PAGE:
Monday, February 15, 2010

Gastric Torsion and how to deal with it…

I had never heard of Gastric Torsion until this week when a prospective customer asked us whether our food would be OK for a Great Dane who had had his spleen removed due to ‘bloat’ – which is another name for the same thing.

The first thing we did was ask our Chief Veterinary Surgeon, Tom Farrington, what he thought and he began his answer by referring us to a fantastic article on the subject by an American vet called Ron Hines. If you want to read the full article click here. Anyway, here is how Ron describes the actual problem:

“Gastric dilatation is a life-threatening condition that occurs in mature large dogs. I do not see many of these cases but when I do I have work diligently if I am to save the animal. Another term for the condition is gastric dilatation/volvulus or GDV. Volvulus is a twisting of an organ along its long axis. In this disease, the stomach flips over on itself and expands with trapped swallowed air and fermentation gases. Circulation to the stomach and spleen are cut off to the point where the dog may go into shock and die. A startling finding is that the incidence of bloat has increased by more than 1500% over the past 30 years.”

He goes on to say that the cause is abnormal muscular contractions in the stomach and that: “Lack of normal motility and circulation in the stomach cause the body to become too acidic (metabolic acidosis).” He goes on to point out that dogs who eat from elevated dishes are more likely to become bloated and to explain that there does seem to be a genetic link.

There is then quite a bit of interesting information about a study carried out by Purdue University which, basically, points out that dogs who eat dried food seem to be up to four times more likely to suffer bloat. So, not feeding your dog dried food and not raising the bowl would both seem to help.

So, what did our vet, Tom, say?

Well he started by emphasising that dried food was dangerous and that:

“It is important to ensure the dog puts on weight as this is one of the factors that reduces the risk, but too much fat increases the risk of recurrence so it means feeding often till the dog gains weight. A raw food diet is clinically proven to improve the chances of preventing a recurrence. In my experience this can be any of the Darling’s formulations, but many Great Dane breeders prefer a tripe diet. This is basically where a portion of the diet is replaced with raw tripe (tripe is normally treated before sale) and owners can do this themselves or it can be supplied with the food from Darling’s. The weight of the dog should be monitored carefully.”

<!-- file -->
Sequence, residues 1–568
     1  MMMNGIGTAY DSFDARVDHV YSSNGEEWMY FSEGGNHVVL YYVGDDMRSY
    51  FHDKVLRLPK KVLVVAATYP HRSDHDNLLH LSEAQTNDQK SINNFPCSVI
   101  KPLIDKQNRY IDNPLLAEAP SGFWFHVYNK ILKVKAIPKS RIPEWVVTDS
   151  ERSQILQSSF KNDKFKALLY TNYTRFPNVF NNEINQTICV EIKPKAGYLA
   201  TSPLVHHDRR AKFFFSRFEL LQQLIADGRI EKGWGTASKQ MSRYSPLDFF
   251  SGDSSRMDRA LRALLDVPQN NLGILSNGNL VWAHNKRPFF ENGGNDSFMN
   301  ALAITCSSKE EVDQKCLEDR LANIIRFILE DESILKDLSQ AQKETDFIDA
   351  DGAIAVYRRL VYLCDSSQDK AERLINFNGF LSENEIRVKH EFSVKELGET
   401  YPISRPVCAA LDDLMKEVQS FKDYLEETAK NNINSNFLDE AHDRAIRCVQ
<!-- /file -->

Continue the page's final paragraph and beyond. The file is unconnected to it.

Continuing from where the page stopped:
Note, we are always happy to help anyone with diet and health issues whether or not they end up becoming a customer. Anyway, I digress. Tom continued with an extremely interesting piece of advice:

“A more important factor in my opinion is to address why the dog is upset. Most dogs who get bloat do not do so around feeding time but rather late at night - ask almost any vet when he has had to do the surgery and it is usually 9pm to 2am ish., it is rarely ever a day time procedure.

I find many of these dogs are upset in some way.

Just to give one example was a Rottweiler on it's 3rd Gastric Torsion and it happened to end up with me. In a quick conversation with the owner I asked if any thing had triggered and they said no he had tried to chase the cat before it had started, but they had stopped him as usual. A little further questioning revealed that this had happened before each episode of bloat. Treatment with a (homeopathic) remedy for anger promptly caused the dog to belch for a very prolonged period nearly suffocating us all.

The owner reported that each time the symptoms occurred giving the remedy brought it to a prompt conclusion. At this point I suggested that they let the dog chase the cat next time it teased the dog (I had checked about the possibility of the dog over doing it with the cat and was assured the cat was far the fleeter). After one chase the cat stopped teasing the dog and there was never another episode of bloat, so the condition is not as simple as many indicated it is. Dogs who are happy do not seem to get it - unhappy is a very wide term including things from grief to vexation and anger.”

All of which is very interesting.

If your dogs have any serious medical issues I really can’t recommend Tom enough. He has been my personal vet for over a decade and has treated our pigs, horses, chickens and dogs with great success. Here are his contact details:

e-mail - anytime
Mobile 087 2494059 International ++353 87 2494059
Phone 023 8848811 International ++353 23 8848811
Fax 023 8848805 International ++353 23 8848805

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